My Personal Journey with Odoo

This blog post is about my own personal journey with Odoo ERP, how we came to find and ultimately decide on Odoo as our platform of choice in my previous business and the process we undertook in implementing Odoo as a means to increase our capability and streamline our business practices.

As an ERP platform, Odoo has not had the same level of market dominance within Australia that it has had overseas. While many people will be familiar with Oracle, MYOB and SAP, given Australia is yet to really harness the benefits of Odoo, I wanted to take the opportunity to provide my own personal experience with the software and provide an overview of what it was like to run a busy company while undertaking an Odoo implementation.

Following a long period of service in the military, I found myself working in a company in the resources and manufacturing sector working across Australia and PNG. This was my first exposure to a small to medium sized enterprise (SME), and coming from the tech heavy Defence sector, I quickly recognised that our business was doing things the hard way. Our business processes and procedures were disjointed, our applications were a hodge-podge collection of out-dated software, and our reporting and data capability could best be described as limited. After some discussion and much research and evaluation, it was determined that our business would greatly benefit from new software.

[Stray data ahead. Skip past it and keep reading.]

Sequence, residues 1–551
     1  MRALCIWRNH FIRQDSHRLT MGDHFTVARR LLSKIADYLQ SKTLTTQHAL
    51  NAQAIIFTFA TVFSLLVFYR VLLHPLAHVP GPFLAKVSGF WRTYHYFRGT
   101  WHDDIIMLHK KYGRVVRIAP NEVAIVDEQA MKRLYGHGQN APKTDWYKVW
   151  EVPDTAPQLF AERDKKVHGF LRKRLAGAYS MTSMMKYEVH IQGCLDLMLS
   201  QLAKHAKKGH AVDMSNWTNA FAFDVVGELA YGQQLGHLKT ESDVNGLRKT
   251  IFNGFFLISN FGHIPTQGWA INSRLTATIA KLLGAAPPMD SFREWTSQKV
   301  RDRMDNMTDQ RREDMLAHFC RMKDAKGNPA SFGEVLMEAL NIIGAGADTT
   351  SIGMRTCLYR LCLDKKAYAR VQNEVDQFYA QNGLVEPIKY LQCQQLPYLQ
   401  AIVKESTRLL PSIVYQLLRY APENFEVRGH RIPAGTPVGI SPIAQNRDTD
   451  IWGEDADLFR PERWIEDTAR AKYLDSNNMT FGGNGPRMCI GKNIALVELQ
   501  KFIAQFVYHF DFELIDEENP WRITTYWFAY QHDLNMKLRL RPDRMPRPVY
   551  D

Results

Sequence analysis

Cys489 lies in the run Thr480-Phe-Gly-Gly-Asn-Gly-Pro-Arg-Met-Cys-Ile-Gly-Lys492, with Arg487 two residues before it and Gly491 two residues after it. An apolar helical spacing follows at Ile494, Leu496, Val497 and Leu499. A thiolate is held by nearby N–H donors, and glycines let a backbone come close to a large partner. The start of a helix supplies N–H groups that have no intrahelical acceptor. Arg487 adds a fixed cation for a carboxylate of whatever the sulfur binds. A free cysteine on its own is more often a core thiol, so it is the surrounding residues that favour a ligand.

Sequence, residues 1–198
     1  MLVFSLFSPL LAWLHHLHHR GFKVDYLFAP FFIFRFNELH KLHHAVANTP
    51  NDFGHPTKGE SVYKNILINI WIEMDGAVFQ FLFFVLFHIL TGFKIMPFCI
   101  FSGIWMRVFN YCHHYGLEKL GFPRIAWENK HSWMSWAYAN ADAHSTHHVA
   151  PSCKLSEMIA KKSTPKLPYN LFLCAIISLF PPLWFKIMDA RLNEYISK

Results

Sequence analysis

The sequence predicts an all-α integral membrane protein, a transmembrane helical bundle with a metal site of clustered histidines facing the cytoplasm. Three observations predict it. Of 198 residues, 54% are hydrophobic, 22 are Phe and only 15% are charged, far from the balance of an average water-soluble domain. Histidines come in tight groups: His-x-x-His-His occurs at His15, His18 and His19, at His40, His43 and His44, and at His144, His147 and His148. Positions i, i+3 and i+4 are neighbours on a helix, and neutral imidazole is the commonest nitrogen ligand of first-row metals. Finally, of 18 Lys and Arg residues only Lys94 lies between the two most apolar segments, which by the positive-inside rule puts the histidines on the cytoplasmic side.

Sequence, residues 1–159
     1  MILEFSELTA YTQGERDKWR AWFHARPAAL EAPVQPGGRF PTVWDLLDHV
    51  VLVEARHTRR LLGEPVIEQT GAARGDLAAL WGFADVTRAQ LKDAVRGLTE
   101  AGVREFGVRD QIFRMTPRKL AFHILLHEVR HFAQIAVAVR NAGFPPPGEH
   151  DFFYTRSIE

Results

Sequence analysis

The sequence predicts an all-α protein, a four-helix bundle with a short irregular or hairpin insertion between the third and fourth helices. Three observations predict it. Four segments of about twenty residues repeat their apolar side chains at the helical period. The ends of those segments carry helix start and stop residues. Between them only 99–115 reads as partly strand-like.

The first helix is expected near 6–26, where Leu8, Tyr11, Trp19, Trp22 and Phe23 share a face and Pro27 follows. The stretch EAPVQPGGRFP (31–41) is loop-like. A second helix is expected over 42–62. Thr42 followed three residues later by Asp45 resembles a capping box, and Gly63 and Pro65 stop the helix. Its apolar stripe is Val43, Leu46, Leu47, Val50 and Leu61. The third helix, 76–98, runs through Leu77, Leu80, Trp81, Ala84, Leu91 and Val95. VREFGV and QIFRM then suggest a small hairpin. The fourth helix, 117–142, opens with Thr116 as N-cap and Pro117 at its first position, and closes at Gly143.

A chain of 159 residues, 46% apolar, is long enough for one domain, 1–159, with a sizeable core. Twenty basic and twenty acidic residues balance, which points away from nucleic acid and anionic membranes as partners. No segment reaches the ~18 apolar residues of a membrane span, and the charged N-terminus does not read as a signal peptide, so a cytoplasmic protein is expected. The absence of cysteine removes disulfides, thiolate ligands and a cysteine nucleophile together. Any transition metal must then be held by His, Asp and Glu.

We landed on Odoo as the solution to our business needs and it exceeded all our expectations. The below blog details my personal experience with the software and the lessons we learned. I hope that you can use it to help inform your decision and hopefully reap all of the benefits and efficiencies that we did.  

Business start-state

When I joined the business, the first thing that became apparent was the disparate systems the company had adopted over several years. These numerous systems had been bought in, usually in response to a problem, and implemented in isolation, without any real consideration for how each system could or should interact and leverage off the other systems to inform the bigger picture and support the business to grow. As I’m sure many businesses can relate to, we had a suite of old excel spreadsheets replete with broken formulas and out of date information. Far from being alarmed, it made sense, people get busy in business and its often hard to find time to work on your business rather than in your business. The company had scaled from a small three-person operation to a thriving medium sized company with over 20 employees. But as the business grew, the systems stayed the same (or multiplied in some cases), with the same basic MYOB version being used for everything, including running a warehouse with over 10,000 SKUs!

Phase 1 – Solutions finding

As a company, we knew we needed new software. Employees were becoming increasingly frustrated by the limitations of the software and clunky business processes. It was difficult to quickly locate the data and information they needed, navigating between the various systems and cross-referencing information was time consuming and increased the risk for errors, and it was becoming apparent that this was having an impact on our customers and our bottom line. While it was obvious to everyone involved that there was an issue, what was less obvious, was how to find the right solution for our business needs.